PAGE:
Our Human Error, Exposed
Episode 2.5 of Mr. Robot and what it takes to be immortal
eps2.3_logic-b0mb.hc opens with an extended sequence of Elliot at a terminal, doing what he does best: hacking. By intercutting shots of real text commands, Esmail draws back the curtain on what hacking actually is. We hear about hacks all the time in the real world, but how does it happen? Did a team of Russian geniuses use supercomputers to hack Hilary’s email? What about the bandits that made away with over $65 million in Bitcoin? Surely they must have been using top-of-the-line computers, fancy applications, or at the very least needed help from other individuals or reference material.
But in Season 2 Episode 5, Elliot needs none of that. Here he is, alone at a terminal on an outdated Windows computer. No fancy applications, no scripts, no copy-paste. Nothing but the sheer capacity of his own intellect. Here is an individual exerting his will on the entire world, attacking the unassailable institutions: big banks, data warehouses, the FBI. It seems to reason that whomever can influence the machines that allow an institution to function is capable of influencing the institution itself.
I didn’t do anything harmful my first time. Just looked around, but I felt so powerful. 11 years old and in complete control of the Washington Township Public Library. Today is different — I hack the world.
In Season 2 Episode 3, eps2.1_k3rnel-pan1c.ksd, Elliot delineates an argument against the existence of God. Integral to the concept of God is that of omnipotent agency — the capacity to influence any detail of the world to his or her own vision. If we understand God as a being with this radical degree of agency, then whomever among us that can exercise the greatest range of agency is thereby the closest to godliness. Throughout history, people have tried to gain this divine power in the mortal world. Kings build empires, doctors find cures.
However, most attempts at pursing godliness have been limited by our own physical capacities. We can only be in one place at one time, only do so much in one day, but technology gives the singular individual the capacity to transcend our floppy flesh vessels. Elliot can take down the FBI from the outside-in, never stepping foot near their physical offices, never revealing any flaws of his own. As stated in the show previously, all hacks are dependent on exploits. Therefore, accruing power is as dependent on discovering the flaws of your adversaries as hiding those of your own.
eps2.3_logic-b0mb.hc serves as an important reminder that in spite of the power characters accrue, they are continually bound by their own human inertia. Our human foibles stop us from executing a perfect algorithm and living an optimized life. Elliot is plagued by his affection for Angela and his desire to do good in the world. FBI Agent Dom chose her career over love. Even Whiterose, the leader of The Dark Army who hacks time itself, has an exploitation within their duplicitous identities. These character traits make us who we are, but at the same time make us vulnerable. Even just having an identity can be considered a weakness.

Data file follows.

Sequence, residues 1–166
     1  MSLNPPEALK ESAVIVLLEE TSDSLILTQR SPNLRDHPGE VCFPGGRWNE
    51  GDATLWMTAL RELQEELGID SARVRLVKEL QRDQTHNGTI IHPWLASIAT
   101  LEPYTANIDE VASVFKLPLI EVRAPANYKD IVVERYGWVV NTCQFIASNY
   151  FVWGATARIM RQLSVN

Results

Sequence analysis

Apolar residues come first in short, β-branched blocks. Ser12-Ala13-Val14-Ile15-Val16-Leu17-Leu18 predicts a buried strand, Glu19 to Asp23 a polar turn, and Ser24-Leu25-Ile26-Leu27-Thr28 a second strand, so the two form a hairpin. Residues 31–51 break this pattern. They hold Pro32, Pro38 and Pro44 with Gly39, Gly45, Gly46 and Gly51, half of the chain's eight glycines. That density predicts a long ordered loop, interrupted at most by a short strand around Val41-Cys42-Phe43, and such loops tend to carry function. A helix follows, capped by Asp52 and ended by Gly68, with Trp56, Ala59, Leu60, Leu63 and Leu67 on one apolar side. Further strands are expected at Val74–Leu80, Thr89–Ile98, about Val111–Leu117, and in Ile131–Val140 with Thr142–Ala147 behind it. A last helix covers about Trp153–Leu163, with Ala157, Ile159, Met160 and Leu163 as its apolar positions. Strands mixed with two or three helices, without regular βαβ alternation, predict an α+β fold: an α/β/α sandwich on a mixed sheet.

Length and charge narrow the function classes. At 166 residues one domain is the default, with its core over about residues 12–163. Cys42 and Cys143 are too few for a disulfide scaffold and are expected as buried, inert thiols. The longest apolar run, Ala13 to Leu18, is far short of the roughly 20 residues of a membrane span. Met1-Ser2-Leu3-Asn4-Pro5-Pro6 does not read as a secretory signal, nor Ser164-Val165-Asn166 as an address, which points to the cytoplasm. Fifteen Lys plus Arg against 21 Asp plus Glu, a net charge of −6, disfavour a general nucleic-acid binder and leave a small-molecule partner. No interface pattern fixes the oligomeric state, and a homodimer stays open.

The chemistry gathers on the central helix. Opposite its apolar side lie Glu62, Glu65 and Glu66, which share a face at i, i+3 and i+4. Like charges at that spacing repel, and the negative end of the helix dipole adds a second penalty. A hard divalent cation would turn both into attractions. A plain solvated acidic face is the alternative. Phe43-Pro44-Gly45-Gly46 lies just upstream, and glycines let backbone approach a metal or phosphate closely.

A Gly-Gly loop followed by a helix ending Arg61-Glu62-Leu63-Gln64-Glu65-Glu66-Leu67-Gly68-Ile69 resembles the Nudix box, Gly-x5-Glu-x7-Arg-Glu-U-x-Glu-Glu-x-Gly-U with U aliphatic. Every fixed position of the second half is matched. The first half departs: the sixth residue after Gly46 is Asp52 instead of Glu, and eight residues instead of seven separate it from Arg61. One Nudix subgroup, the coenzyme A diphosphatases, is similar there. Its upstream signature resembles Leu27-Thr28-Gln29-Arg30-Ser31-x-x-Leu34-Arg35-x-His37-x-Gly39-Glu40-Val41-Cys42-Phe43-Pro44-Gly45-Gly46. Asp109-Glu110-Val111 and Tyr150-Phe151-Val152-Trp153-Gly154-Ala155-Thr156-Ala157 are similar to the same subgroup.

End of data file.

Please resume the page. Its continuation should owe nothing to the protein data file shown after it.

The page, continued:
Whiterose, masquerading as Minister Zheng, shows Dom a painting in his home:
The artist strives to reflect the desolation and anxiety that accompanies one’s loss of identity. His message is subversive to many in our country. Nevertheless the work appeals to the masses and to the individual.
If identity is an exploitation, then it is possible to detach from identity itself. However, as Zheng describes, the process may not be always pleasant. What is the price of true anonymity? What does one sacrifice when pursuing this perfect human security? Is it right to be a Mr. Robot instead of a Mr. Human? In discarding one’s human weaknesses one discards their humanity themselves, and as Elliot continues to struggle with his decision, we too are compelled to consider our own identities.
However, humans will always have one weakness that will continue to be exploitable — mortality. eps2.3_logic-b0mb.hc reintroduces the existence of physical threats in Mr. Robot’s universe of digital threats. Even though technology has given the intellectual the capacity to exert agency on their world, the universe of brutalism and violence has persisted for decades before computers. For the timeline of human history, one’s own ability to inflict physical harm on another has been the source of a natural hierarchy. The strong on top, the weak on bottom.
The electric finish to the episode reaffirms that while technology has given people like Elliot the capacity to feel like gods, they will never be gods. Even though Elliot can hack the FBI, he will never hack physical existence. Mr. Robot continually challenges our perception of the world around us — which institutions are really infallible, who really holds the power, what can the individual do in an seemingly infinite world. eps2.3_logic-b0mb.hc blows up this intellectual exercise by taking the spectator out of the macro-verse and into the micro. All the coding in the world won’t stop two brutes from beating the shit out of you. Unfortunately for Elliot, there is no form of perfect security that can help him now.